Why is a Christian school promoting an arms company?

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The arms company BAE Systems, along with the Royal Air Force, has run a 'science roadshow' for pupils at a Christian school in central London. The school is a few minutes' walk from where I live.

The school, St Marylebone Church of England School, aims to "nurture respect for religious, moral and spiritual values" and to help pupils to "understand the interdependence of individuals, groups and nations".

BAE Systems is a multinational arms firm, selling weapons to oppressive and aggressive regimes around the globe.

I heard about the event, which happened on 5 March, when I was contacted by the local paper, the West End Extra. It has now run a story about my criticism and the headteacher's response (see http://www.westendextra.com/news/2014/mar/christian-school%E2%80%99s-hea...). I have also written to the headteacher, Kat Pugh, explaining my concerns and apologising for not having written before my criticisms appeared in print.

I emphasised to her that I am not criticising the school as a whole. I am pleased to hear that the school has maked Fairtrade Fortnight and run an e-safety event.

I did not write as a a parent or a schoolteacher (although I teach in adult education). My comments are simply those of a local resident with a good knowledge of the arms industry in general and BAE in particular. There are two reasons why I strongly object to BAE's role in this event

Firstly, there is the issue of BAE's influence on young people and its portrayal of science.

In her comments to the West End Extra, Kat Pugh emphasised that the event is not about recruitment for BAE or the RAF. I appreciate that it is not a direct recruitment event.

Nonetheless, I doubt that either BAE or the RAF engage in this sort of activity purely as a matter of charity. BAE have an interest in more people choosing careers in science, technology and engineering, as they employ people to do this sort of work. This employment is helped by the UK government, which effectively subsidises the arms industry to the tune of £700 million per year (according to the academic researchers at the Stockholm International Peace Research Institute).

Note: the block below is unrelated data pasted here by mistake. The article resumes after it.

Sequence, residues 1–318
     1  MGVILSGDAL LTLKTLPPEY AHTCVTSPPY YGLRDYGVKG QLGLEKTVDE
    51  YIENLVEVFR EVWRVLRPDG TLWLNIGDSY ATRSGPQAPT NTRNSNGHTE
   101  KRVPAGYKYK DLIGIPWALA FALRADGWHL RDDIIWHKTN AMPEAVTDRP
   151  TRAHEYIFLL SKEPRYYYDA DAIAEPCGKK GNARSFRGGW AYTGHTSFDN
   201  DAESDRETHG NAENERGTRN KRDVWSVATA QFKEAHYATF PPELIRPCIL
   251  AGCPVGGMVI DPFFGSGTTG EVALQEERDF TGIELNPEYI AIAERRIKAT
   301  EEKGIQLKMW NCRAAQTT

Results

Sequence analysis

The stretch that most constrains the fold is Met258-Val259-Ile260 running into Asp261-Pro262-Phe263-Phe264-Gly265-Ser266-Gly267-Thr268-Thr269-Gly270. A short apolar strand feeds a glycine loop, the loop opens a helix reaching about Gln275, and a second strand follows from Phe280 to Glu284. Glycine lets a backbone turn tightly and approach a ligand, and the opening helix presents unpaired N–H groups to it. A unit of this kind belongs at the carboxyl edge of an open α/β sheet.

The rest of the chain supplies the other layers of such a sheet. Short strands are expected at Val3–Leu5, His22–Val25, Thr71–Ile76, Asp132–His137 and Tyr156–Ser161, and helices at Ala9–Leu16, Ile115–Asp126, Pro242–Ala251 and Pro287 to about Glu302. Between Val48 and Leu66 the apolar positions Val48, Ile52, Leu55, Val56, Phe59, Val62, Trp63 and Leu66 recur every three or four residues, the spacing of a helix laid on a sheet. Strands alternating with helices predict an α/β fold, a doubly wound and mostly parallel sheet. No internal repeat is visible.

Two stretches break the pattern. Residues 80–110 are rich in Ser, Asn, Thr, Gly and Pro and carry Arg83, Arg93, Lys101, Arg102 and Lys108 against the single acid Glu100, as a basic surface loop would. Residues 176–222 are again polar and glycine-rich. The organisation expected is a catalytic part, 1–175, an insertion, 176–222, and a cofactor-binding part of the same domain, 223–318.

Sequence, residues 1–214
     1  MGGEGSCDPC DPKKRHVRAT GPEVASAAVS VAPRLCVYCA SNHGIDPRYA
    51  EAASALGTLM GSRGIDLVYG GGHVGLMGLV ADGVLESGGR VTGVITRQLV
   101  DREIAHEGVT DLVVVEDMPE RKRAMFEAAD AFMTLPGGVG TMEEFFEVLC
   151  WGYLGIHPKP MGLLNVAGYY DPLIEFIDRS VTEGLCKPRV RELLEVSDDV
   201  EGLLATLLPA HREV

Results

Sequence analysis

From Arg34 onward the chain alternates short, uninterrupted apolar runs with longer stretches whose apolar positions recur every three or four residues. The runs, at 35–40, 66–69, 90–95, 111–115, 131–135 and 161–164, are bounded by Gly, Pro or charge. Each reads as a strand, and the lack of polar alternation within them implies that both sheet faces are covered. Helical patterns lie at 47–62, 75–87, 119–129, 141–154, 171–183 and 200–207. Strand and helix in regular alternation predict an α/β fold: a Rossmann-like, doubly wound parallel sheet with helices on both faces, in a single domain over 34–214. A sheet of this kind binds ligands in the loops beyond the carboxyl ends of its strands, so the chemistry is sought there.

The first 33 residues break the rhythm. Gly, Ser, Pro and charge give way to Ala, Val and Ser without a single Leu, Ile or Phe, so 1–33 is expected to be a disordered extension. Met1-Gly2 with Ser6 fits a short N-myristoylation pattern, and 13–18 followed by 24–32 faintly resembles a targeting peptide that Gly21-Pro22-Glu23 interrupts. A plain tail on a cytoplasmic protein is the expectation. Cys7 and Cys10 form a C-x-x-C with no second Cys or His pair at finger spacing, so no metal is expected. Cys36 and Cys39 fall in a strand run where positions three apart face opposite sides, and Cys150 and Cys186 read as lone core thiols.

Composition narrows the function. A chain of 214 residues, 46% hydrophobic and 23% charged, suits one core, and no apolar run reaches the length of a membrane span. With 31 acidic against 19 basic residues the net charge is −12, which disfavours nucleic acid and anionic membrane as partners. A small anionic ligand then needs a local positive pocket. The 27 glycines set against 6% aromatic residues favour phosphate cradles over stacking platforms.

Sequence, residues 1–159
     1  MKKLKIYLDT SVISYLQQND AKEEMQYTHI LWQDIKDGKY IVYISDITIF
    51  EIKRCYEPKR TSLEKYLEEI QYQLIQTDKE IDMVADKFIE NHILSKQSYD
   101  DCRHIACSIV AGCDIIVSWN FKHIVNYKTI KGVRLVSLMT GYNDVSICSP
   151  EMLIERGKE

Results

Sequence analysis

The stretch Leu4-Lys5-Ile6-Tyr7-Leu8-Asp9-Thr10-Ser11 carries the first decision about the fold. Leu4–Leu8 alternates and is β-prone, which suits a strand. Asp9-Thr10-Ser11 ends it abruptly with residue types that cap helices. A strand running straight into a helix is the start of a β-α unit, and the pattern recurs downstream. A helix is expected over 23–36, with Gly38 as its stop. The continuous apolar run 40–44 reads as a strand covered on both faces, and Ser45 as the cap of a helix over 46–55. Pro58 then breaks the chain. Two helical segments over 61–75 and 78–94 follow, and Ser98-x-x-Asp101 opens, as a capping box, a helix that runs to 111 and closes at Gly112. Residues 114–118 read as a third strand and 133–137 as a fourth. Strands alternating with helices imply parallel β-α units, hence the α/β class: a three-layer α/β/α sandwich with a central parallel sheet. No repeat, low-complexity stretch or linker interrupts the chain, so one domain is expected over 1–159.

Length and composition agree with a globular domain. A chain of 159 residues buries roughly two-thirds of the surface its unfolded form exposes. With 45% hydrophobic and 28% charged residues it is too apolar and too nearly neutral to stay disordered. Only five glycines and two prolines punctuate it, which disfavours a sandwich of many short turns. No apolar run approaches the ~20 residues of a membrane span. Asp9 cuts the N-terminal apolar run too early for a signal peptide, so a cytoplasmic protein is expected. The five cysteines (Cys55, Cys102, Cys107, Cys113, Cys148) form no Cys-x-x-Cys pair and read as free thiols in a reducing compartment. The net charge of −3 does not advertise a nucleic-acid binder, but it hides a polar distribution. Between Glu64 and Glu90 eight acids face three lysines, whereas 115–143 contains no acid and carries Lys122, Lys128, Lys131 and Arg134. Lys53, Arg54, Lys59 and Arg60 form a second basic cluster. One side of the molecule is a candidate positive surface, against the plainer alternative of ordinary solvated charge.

The headteacher suggests that the name of the company that runs the event is irrelevant because the children will not remember it. This seems rather disingenuous. The way the event is run will inevitably affect the way that science is portrayed, however subtly.

Secondly, any invitation to BAE helps to confer an image of social and moral legitimacy on the company and its activities.

This is why the Church of England no longer invests in BAE (or any company making more than ten per cent of its turnover from arms sales). It is why nearly all charities now refuse to invest in BAE and and why institutions such as the National Gallery have recently ended sponsorship deals with arms firms.

In Kat Pugh's comments to the West End Extra, she refers to the "defence industry". BAE's work is not about defence. Its customers include regimes that use weapons in the most aggressive manner against innocent civilians. Saudi Arabia is one of BAE's "home markets". I am sure the headteacher does not need me to tell her about the reality of the Saudi regime, its suppression of dissent or its use of weapons against peaceful critics of its royal family.

In 2011, peaceful pro-democracy protesters in Bahrain were attacked by their own government with the help of armoured vehicles made by BAE Systems.

If BAE's representatives were in the school to debate the ethics of the arms industry with their critics, I would be glad that such a discussion was taking place. However, by allowing BAE to run a roadshow at which the company's values are not questioned or debated, the school implies that it endorses, or at least tolerates, the activities of BAE and their impact on the world.

Having written to the school's headteacher, I will also be writing to the Church of England to ask about any national policies concerning their schools' relationships with arms companies.

Ironically, the BAE event at St Marylebone School took place on Ash Wednesday, 5 March. Ash Wednesday is a day associated with repentance, accepting God's forgiveness and a change of hearts and minds. We all need to repent of our country's role in the evil of the international arms trade.


(c) Symon Hill is a Christian writer and activist. He is an Ekklesia associate and a member of the Campaign Against Arms Trade (CAAT) steering committee. For links to his writing and other work, please visit http://www.symonhill.wordpress.com.

For more information on BAE's involvement in the repression of human rights around the world, please see http://www.caat.org.uk/resources/companies/bae-systems.

Source: Ekklesia

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